Sunday, Nov 09, 2003
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By Anand Parthasarathy
When it is unveiled, within a year, the chip is expected to be the first ever product where the analogue, digital and radio frequency building blocks are integrated on the same matchbox-sized slab of silicon.
As a result, new-generation cellular mobile phones based on the chip were expected to be smaller, cheaper and less power-hungry, said Gilles Delfassy, senior vice-president for world-wide wireless terminals business at the Dallas headquarters of TI.
Today's mobile phones include two chips one containing all the analogue elements (also known as base-band) and the other containing the radio frequency circuits. It has so far been a case of `the twain shall never meet' because the two circuits tend to interfere with each other's signals.
However, TI's Bangalore-based development team has succeeded in realising the "digital radio processing" functions on the same type of silicon as the other circuit and memory functions in effect removing the last technical hurdle to creating a one-chip mobile phone.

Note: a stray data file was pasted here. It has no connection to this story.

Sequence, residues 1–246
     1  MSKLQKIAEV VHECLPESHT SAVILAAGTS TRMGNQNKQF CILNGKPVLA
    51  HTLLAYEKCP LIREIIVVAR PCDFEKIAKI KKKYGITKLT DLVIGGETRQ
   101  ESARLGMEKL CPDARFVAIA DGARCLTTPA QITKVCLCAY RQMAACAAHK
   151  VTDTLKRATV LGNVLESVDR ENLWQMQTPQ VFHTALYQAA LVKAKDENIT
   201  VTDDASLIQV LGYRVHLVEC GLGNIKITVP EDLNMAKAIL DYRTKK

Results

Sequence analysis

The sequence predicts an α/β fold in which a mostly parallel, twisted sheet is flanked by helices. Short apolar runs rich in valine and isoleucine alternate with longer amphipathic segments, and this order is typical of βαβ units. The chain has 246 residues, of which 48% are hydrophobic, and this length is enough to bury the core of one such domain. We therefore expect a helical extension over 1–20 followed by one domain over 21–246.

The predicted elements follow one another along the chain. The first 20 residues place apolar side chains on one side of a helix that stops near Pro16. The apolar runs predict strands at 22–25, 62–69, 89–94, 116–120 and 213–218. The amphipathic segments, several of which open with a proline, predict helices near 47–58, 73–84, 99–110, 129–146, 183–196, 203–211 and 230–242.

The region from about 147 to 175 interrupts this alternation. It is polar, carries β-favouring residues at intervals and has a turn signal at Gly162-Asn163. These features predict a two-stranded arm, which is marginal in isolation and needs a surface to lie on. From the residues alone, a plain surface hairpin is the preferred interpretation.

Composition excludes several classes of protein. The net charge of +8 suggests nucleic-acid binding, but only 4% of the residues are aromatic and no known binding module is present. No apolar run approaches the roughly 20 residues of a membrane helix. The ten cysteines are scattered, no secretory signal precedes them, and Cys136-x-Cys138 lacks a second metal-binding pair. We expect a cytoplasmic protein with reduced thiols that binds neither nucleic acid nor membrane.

The first "reference designs" to emerge will bring the technology to the GSM (Global Systems Mobile) type of mobile phone. A separate single-chip solution will address the CDMA (Code Division Multiple Access) phone. Both mobile standards are being used in India, one for national roaming, the other for Wireless Local Loop (WLL) or limited roaming applications.
Leading international mobile handset makers are already working closely with TI so that compellingly-priced commercial products based on the single-chip design can be rolled out by 2005, Mr. Delfassy added.
Indian engineers at TI as well as its development partners like Wipro and Sasken have also contributed to another key mobile phone building block, OMAP, an in-house buzzword for technology that creates `smart phones' to carry both voice and multimedia data.
Further down the road, TI is working to launch a cell-phone that incorporates navigation and Position-sensing information, based on the satellite-backed Global Positioning System (GPS).
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